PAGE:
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Image of Crassadoma gigantea (J. E. Gray 1825)
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Crassadoma gigantea (J. E. Gray 1825)

Crassadoma

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Crassadoma is a genus of rock scallops, marine bivalve molluscs in the family Pectinidae. It is monotypic, the only species being Crassadoma gigantea, the rock scallop, giant rock scallop or purple-hinge rock scallop. Although the small juveniles are free-swimming, they soon become sessile, and are cemented to the substrate. These scallops occur in the eastern Pacific Ocean.

Description

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A rock scallop with a sponge covering its shell

Adults of Crassadoma gigantea have one valve (the right valve) fixed to a base, often a vertical rock face. This valve often becomes deformed to fit the contours of the rock. The left valve is roughly circular but irregular in outline, thick and heavy, with deep radial ribs. Every third or fourth rib is clad with blunt spines that overhang each other. These often get abraded and worn smooth as the scallop ages. There are flaps of shell known as auricles on either side of the straight hinge. The general colour is brown with the inside of the shell being glossy white with a purple patch at the hinge and a large, central adductor muscle scar. Crassadoma gigantea grows to a diameter of 15 centimetres (5.9 in) in the intertidal zone and 25 centimetres (9.8 in) in the subtidal zone. Between the valves, the margin of the orange mantle can be seen, with a row of tiny blue eyes and a sparse fringe of short tentacles.[3][4]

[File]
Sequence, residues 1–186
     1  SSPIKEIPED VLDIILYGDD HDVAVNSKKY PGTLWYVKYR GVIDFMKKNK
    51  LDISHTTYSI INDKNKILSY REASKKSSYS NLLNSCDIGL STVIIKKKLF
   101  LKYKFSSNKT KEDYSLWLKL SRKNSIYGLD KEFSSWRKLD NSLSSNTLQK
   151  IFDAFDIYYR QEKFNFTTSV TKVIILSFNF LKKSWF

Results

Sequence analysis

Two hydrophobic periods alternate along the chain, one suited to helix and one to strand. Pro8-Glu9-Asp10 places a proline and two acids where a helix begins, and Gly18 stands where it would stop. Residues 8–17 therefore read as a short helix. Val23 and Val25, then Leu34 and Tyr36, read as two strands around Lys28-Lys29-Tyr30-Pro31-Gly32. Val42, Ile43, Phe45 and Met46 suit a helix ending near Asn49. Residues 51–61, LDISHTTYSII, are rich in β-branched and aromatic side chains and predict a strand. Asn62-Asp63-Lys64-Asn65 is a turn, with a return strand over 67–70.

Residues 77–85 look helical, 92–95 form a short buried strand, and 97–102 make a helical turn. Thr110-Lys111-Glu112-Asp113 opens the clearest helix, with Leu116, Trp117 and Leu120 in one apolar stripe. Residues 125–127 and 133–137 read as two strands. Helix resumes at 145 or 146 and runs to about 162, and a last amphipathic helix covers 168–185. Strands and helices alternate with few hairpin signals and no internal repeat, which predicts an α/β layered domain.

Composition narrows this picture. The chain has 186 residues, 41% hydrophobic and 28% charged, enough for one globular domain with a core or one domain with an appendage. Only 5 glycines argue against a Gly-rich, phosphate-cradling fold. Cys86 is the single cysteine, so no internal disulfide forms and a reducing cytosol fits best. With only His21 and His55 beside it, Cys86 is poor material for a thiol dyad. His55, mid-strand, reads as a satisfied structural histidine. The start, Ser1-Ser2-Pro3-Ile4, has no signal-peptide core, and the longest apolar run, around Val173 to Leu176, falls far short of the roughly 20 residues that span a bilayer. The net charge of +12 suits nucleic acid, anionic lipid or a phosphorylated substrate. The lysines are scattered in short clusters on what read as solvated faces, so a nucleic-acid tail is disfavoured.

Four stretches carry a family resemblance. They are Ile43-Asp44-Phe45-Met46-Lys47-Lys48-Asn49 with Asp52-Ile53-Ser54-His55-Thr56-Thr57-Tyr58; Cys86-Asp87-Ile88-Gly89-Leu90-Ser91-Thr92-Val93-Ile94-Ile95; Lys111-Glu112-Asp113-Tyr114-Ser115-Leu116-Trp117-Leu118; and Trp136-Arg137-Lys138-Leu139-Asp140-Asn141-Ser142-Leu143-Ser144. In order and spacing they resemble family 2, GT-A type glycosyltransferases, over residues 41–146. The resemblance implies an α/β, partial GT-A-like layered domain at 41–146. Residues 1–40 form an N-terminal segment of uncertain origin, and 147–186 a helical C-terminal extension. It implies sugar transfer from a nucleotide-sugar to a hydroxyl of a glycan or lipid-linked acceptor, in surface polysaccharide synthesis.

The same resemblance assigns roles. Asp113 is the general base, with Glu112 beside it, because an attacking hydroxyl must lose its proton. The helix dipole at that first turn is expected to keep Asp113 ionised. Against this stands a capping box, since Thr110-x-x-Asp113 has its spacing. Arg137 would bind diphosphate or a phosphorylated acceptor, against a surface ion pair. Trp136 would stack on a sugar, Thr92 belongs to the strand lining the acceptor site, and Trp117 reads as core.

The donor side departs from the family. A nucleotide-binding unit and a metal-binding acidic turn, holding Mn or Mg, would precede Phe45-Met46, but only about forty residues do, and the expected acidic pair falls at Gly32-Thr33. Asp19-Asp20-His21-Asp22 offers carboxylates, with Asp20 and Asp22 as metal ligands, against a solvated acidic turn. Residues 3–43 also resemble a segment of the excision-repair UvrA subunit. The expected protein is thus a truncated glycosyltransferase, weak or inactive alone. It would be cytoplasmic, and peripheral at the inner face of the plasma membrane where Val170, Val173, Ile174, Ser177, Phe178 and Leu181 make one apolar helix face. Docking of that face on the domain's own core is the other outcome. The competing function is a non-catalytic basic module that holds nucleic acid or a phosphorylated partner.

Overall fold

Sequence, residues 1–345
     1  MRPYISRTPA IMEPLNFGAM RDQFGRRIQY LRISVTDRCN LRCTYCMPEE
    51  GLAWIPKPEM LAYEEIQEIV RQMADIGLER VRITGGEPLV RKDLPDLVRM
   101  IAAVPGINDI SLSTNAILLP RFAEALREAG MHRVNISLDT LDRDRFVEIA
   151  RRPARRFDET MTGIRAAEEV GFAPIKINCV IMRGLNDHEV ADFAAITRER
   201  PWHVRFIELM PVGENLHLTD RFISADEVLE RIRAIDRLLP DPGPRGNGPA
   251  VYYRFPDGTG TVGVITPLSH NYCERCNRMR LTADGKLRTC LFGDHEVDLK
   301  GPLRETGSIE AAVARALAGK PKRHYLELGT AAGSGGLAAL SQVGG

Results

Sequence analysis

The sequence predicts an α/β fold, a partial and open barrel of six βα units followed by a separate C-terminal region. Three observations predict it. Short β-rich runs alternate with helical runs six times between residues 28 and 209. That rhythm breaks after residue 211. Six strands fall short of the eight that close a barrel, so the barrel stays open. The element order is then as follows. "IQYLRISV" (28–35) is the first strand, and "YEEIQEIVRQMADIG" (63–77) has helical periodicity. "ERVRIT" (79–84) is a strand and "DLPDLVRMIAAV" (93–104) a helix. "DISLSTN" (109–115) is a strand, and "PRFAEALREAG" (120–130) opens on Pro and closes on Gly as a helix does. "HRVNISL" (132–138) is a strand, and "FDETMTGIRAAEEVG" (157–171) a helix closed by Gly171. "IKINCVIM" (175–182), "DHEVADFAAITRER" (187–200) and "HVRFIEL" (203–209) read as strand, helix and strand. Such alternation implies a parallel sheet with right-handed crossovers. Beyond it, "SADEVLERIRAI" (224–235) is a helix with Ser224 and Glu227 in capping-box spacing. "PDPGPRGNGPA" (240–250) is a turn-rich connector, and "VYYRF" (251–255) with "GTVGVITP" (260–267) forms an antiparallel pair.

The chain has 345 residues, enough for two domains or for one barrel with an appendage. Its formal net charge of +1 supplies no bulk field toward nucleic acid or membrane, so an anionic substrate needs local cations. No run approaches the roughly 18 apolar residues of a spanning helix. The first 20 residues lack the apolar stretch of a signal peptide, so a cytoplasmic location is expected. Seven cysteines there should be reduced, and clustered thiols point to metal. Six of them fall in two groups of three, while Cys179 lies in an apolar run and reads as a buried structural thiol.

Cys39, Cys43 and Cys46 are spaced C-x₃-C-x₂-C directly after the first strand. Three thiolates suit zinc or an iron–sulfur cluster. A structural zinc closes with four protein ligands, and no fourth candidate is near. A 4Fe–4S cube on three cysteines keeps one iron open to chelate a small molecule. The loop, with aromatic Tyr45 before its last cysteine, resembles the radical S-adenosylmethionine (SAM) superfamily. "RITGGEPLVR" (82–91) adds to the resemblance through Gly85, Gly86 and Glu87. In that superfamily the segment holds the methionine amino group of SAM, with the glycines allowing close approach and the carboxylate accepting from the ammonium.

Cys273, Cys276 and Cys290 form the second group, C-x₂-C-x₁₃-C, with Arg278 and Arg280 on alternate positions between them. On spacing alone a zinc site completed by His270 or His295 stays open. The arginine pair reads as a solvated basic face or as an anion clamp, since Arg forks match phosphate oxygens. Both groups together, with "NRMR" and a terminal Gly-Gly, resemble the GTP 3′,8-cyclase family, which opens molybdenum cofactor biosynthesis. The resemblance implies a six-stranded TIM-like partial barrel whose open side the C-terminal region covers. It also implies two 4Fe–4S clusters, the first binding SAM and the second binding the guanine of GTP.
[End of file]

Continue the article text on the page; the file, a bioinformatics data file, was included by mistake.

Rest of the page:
Distribution and habitat

Crassadoma gigantea is found on the Pacific Coast of North America, from British Columbia south to Baja California and Mexico.[3] It does not move around as an adult but lives on the sea floor. Its favoured habitats include inside crevices and under boulders, or cemented to rock surfaces, corals or man-made structures such as harbour pilings.[4] It is found at depths down to about 80 metres (260 ft).[5]

Biology

Like other scallops, Crassadoma gigantea is a suspension feeder, filtering phytoplankton from water as it passes over the gills. The particles are moved by cilia along grooves to the mouth where edible matter is separated from sediment particles. The waste is incorporated into mucous balls which are removed from the mantle cavity periodically by a clapping of the valves.[6]

Crassadoma gigantea is cryptic and difficult to detect because of the sponges, sea anemones, hydroids, barnacles, bryozoans, worms and algae which tend to grow on the shell. The parasitic boring sponge Cliona celata damages the shell by making hollows in it. Additional shell material is laid down by the mantle tissue to compensate for this. Other sponges, such as the yellow boring sponge (Cliona californiana)[7] that grow on the shell may be considered mutualistic, granting some protection against predators such as the sunflower starfish (Pycnopodia helianthoides) and purple sea star (Pisaster ochraceus).[5] It has been found experimentally that rock scallops grow at a faster rate when living in deep rather than shallow water, perhaps because they are then less hindered by these fouling organisms.[6]